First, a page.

Psychiatric drugs create disturbances in the chemicals (neurotransmitters) of the brain. As a result, the brain makes changes to try to normalize the level of neurotransmitters. After some time, the brain can no longer compensate. The chronic use of psychiatric drugs creates large and lasting changes in the way the brain functions. Psychiatric drugs do not correct a deficiency of chemicals in the brain. Psychiatric drugs CREATE a chemical abnormality in the brain.
Anti-anxiety drugs show a good effect for the first week of treatment. After that, their advantage over taking a placebo (sugar pill) drug disappears. Withdrawal symptoms after long term use often result in an increase of anxiety over the starting level as well as insomnia, seizures, tremors, depression, etc. The risk of side effects varies according to how long a person has been on the drug and the speed of getting off the anti-anxiety pills. Long term use of these medications also results in a four time increase in symptoms of depression, and can lead to panic attacks and agoraphobia. Anti-anxiety drugs act like a trap. They get rid of anxiety for a short time but they cause changes in the neurotransmitter system. The brain undergoes adaptations that lead to difficulty in stopping the medication. Doctors often prescribe these drugs long term when they are only helpful for the very short term.
Antidepressants modify the function of chemicals in the brain which causes antidepressants to eventually stop working and can also lead to chronic depression. Two thirds of patients treated with antidepressants can expect recurring bouts of depression. Fifty years ago, depression was described by the National Institute of Mental Health as “mostly self-limiting with most cases resulting in spontaneous remissions”, a rare disorder with good outcomes. Today, depression affects 1 in 10 people and has a gloomy long term outlook. A study of 740 depressed people found that the 484 who were not medicated, had the best outcomes. They had better general health and less chance of recurrent depression. Following the introduction of SSRIs (drugs like Prozac), the number of people disabled by depression increased dramatically. Independent studies have shown that over the short term, taking SSRIS help to decrease symptoms of depression but not better than placebos. If medication is stopped, there is a high risk of relapse. People who remain on the drugs are likely to suffer recurrent episodes and this increases the risk of being disabled.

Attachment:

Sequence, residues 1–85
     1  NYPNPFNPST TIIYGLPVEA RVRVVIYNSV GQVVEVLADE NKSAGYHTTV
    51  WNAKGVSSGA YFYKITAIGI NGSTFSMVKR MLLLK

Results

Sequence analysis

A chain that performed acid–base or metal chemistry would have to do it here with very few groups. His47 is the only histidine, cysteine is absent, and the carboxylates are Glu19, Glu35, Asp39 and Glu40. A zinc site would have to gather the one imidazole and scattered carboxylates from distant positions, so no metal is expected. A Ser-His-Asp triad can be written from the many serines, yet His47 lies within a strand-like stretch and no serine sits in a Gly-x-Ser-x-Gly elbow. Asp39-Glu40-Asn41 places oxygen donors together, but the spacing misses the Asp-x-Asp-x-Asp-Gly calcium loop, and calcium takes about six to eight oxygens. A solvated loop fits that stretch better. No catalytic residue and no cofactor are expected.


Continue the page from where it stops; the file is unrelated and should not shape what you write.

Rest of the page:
In 1997, a speech by the doctor who wrote the bible of manic-depressive illness stated that “we have a lot more rapid cycling, more mixed states and lithium treatment failure”. Bipolar outcomes had become much worse in the 10 years since the introduction of Prozac. Antidepressants used for depression can cause depression to switch to mania. This can turn patients into rapid cyclers (switching from depressed to mania quickly) which is a very serious illness that did not exist before psychiatric drugs. Today, bipolar illness affects 1/40 adults. Twenty to 40% of patients treated for depression eventually become bipolar. Bipolar outcomes have dramatically worsened with drugs. In the past, bipolar patients spent a large part of their life in symptom free intervals; antidepressants have dramatically shortened those intervals and patients have become more chronically ill.